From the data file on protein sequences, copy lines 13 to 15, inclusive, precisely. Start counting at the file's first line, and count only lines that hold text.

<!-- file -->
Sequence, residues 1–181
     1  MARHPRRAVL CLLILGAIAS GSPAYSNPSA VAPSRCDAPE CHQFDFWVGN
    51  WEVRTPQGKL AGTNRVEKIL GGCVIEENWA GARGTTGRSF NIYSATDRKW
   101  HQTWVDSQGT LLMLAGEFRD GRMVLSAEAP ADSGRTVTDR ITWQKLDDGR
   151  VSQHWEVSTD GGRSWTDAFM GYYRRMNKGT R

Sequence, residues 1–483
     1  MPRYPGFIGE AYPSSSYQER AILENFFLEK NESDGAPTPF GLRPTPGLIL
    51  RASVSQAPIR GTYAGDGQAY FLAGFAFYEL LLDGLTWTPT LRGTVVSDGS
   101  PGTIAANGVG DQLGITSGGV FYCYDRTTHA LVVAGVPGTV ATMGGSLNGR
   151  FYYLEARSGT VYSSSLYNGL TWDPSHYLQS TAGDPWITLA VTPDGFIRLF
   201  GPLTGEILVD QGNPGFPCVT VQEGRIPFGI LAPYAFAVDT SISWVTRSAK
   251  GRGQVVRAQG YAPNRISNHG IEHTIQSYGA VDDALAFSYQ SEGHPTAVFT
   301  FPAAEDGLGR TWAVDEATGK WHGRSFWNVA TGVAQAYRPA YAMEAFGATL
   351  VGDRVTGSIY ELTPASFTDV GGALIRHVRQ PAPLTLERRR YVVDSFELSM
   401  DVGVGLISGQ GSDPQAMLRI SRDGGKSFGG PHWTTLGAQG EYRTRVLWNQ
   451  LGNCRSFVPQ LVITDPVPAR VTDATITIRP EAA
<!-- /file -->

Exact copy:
   301  FPAAEDGLGR TWAVDEATGK WHGRSFWNVA TGVAQAYRPA YAMEAFGATL
   351  VGDRVTGSIY ELTPASFTDV GGALIRHVRQ PAPLTLERRR YVVDSFELSM
   401  DVGVGLISGQ GSDPQAMLRI SRDGGKSFGG PHWTTLGAQG EYRTRVLWNQ